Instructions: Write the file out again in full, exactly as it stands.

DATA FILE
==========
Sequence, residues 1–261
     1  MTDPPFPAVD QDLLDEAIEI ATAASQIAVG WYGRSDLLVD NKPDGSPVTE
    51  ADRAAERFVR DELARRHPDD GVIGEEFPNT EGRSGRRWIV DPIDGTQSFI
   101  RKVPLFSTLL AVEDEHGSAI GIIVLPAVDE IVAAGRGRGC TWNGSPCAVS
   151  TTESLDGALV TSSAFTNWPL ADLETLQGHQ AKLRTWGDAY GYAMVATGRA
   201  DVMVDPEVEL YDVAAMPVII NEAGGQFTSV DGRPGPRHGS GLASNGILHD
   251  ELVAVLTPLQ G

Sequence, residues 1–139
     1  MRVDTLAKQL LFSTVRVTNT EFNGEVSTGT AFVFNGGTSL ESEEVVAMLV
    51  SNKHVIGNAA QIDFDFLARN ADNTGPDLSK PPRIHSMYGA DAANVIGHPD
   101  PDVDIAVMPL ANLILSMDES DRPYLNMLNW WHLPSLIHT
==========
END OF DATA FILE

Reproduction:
Sequence, residues 1–261
     1  MTDPPFPAVD QDLLDEAIEI ATAASQIAVG WYGRSDLLVD NKPDGSPVTE
    51  ADRAAERFVR DELARRHPDD GVIGEEFPNT EGRSGRRWIV DPIDGTQSFI
   101  RKVPLFSTLL AVEDEHGSAI GIIVLPAVDE IVAAGRGRGC TWNGSPCAVS
   151  TTESLDGALV TSSAFTNWPL ADLETLQGHQ AKLRTWGDAY GYAMVATGRA
   201  DVMVDPEVEL YDVAAMPVII NEAGGQFTSV DGRPGPRHGS GLASNGILHD
   251  ELVAVLTPLQ G

Sequence, residues 1–139
     1  MRVDTLAKQL LFSTVRVTNT EFNGEVSTGT AFVFNGGTSL ESEEVVAMLV
    51  SNKHVIGNAA QIDFDFLARN ADNTGPDLSK PPRIHSMYGA DAANVIGHPD
   101  PDVDIAVMPL ANLILSMDES DRPYLNMLNW WHLPSLIHT